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12 CPG trends for 2011


A shakedown in natural foods, more “professional” products and a blurring of the line among categories are three big trends to look for in 2011, according to global research firm Mintel.

In its annual forecast, Mintel identifies 12 trends that will shape the consumer packaged goods industry in the next year.

None of these trends will shake up the market, says Lynn Dornblaser, director of innovation and insight at Mintel. “Rather they represent continuations of current big-picture trends. Understanding and how they change from year to year is essential for companies to be successful when developing and launching new products.”

As might be expected, several trends revolve around sustainability and healthy eating. Others suggest subtle but interesting ways consumers are reacting to products:

Refining natural. Mintel predicts a shakedown in the use of the term “natural” since there is almost no accepted definition yet as to what is natural and what isn’t. Food makers will need to prove their natural claims to consumers. For instance, Haagen-Dazs’ “Five” brand of ice cream has just five ingredients, and they’re all listed on the front of pack.

Quiet reduction. Manufacturers will continue to cut sodium, sugar and high-fructose corn syrup from products but Mintel says that few of these reformulations will be advertised. Regardless, Mintel predicts “brands will need to decide whether to counter or cater to obesity.”

Personal hygiene comes out of the closet. Forget toilet paper ads with cute kittens. Now the discussion of formerly taboo subjects, such as incontinence, is acceptable. Products that already fit that bill: Johnson & Johnson’s K-Y Yours + Mine lubricant and Schick Quattro TrimStyle razor and trimmer for women.

Professionalization of the amateur. Consumers are looking for products that give them a professional edge to cook better or clean better. Expect to see more products with “chef-endorsed” or “professional quality” on the label.

Less is more redux. Consumers are focused on convenience and economical solutions, which could create demand for previously “tired” categories such as dehydrated soups.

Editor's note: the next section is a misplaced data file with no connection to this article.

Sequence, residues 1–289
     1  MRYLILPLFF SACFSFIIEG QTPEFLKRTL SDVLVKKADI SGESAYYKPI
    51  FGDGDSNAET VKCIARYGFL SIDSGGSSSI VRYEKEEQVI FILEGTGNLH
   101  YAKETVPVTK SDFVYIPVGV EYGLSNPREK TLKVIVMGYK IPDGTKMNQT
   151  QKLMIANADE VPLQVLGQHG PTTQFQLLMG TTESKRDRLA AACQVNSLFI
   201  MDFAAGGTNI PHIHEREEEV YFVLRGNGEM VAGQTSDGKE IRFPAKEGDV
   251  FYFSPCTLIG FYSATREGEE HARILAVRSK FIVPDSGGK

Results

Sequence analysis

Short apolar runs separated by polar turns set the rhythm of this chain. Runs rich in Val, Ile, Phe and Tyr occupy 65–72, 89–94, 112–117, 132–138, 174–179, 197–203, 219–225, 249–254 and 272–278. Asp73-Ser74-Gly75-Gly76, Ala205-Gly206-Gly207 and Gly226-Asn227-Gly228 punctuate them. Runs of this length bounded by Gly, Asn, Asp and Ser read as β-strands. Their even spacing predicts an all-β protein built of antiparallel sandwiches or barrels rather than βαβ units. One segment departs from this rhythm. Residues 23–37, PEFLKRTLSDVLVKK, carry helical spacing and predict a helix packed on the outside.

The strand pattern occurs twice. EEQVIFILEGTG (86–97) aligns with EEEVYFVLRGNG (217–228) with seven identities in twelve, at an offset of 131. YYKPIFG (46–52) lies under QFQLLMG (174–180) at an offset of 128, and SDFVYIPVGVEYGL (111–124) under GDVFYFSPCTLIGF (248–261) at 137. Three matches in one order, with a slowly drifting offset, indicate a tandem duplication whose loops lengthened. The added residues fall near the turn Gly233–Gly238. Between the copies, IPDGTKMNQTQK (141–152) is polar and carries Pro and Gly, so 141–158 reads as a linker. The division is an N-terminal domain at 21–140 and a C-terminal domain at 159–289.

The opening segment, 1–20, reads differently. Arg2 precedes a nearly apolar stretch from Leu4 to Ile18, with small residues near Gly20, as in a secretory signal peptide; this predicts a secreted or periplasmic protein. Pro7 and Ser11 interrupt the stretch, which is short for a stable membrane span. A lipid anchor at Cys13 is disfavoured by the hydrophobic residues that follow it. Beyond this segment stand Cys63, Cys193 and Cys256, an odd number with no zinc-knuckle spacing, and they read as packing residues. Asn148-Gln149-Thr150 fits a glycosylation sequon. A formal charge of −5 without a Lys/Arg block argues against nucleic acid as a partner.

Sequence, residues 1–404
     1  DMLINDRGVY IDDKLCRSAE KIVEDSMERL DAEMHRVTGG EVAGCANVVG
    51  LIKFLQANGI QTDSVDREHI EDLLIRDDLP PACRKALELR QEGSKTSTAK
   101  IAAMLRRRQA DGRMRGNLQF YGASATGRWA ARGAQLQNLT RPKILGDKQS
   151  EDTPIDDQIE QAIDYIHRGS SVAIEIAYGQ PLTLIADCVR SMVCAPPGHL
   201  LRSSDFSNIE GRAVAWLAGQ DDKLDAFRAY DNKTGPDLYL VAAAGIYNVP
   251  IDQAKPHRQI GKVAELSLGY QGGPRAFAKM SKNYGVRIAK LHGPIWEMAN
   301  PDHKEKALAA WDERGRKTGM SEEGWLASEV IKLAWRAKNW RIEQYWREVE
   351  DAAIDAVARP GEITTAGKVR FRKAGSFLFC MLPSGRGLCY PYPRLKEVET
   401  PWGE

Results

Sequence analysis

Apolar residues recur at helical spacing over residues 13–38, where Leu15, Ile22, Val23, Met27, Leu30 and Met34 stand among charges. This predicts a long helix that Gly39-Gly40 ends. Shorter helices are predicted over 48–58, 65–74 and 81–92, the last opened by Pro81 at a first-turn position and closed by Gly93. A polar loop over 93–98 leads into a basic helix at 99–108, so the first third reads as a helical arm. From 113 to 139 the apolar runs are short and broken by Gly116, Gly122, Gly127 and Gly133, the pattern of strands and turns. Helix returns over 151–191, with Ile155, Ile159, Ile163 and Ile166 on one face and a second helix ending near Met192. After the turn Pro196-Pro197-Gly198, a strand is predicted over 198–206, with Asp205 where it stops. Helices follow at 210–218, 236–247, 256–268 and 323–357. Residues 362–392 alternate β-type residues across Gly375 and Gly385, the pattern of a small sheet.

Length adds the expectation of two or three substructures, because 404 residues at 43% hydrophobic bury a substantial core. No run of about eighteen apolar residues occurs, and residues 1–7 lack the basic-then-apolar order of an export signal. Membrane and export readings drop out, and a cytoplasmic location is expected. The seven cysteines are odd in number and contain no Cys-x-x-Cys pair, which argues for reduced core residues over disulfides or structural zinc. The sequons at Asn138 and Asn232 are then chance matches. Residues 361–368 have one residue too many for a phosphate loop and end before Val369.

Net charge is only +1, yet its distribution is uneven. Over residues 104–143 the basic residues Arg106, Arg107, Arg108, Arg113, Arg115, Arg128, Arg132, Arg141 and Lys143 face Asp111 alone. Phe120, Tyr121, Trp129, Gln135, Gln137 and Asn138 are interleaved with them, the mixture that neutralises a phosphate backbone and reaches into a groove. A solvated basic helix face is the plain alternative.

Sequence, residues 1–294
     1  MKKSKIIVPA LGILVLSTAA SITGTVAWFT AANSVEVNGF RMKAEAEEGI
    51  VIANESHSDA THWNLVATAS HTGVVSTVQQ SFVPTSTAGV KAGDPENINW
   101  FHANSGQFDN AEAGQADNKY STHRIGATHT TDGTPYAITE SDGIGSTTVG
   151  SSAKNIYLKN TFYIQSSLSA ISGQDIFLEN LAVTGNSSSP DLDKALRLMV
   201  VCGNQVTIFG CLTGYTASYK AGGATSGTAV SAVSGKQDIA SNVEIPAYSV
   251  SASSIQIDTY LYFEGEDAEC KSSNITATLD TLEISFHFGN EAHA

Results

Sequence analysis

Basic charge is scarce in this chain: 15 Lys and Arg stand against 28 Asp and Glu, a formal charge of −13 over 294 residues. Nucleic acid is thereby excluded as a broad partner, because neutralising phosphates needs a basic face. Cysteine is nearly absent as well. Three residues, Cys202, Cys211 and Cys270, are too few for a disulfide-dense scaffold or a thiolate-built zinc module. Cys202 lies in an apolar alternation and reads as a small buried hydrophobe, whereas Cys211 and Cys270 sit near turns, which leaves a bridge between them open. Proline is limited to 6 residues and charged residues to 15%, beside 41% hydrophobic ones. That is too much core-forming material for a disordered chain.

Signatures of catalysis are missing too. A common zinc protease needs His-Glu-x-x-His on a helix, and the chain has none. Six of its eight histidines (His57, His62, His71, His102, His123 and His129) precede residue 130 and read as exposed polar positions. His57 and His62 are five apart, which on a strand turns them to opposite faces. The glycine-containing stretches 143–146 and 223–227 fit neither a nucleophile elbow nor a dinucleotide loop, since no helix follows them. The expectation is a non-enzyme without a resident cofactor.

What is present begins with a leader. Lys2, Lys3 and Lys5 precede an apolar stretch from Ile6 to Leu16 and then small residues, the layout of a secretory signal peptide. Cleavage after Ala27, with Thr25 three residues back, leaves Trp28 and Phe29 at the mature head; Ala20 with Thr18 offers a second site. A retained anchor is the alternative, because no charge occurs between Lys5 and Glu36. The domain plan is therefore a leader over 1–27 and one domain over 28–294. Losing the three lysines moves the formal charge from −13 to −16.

Econo-chic. Luxury is making a comeback but in the form of small treats, not excessive splurges. For instance, in France, Twix candy bars are sold in a limited edition metal tin. And in the U.S. Method dish soap comes in a pink grapefruit scent.

Instant results. Consumers want products that provide benefits right now, especially in skin care.

Sustainability stays focused on the basics. Water usage will be a hot issue and expect a big push to reduce packaging. A few examples already on the market: PepsiCo’s Quaker granola bars in a rip ‘n go boxless container in the U.S., and Dolphin Water in the Netherlands, which comes in a stand-up drip-free pouch.

Simplicity for older customers. Baby boomers will want products that deliver simple results rather than make lofty promises. Thirty-five per cent of boomers agree with the statement “I used to believe that cosmetics and medications could make me look young longer, but now I realize that it isn’t true.”

Blurring categories. “Consumers don’t necessarily view products as being in one category or another, rather they look for solutions that meet their needs, and it may be something that straddles multiple categories,” says Mintel. For instance, Dr. Pepper Snapple’s Sunkist Solar Fusion–a carbonated fruit-flavoured drink with caffeine.

New retro. Big brands will revitalize old products and ad campaigns, witnessed by the success of Pepsi Throwback– a regular Pepsi cola that contains real sugar, just like back in the 1950s. In just over a year it had sales of about US$41 million.

More cradle-to-the-grave brand initiatives. Products will stretch their appeal up and down the age spectrum. An example: In France, the Nesquik brand has products that appeal to all ages, from small kids, with Nesquik chocolate milk, to adults with Nesquik Gourmand.

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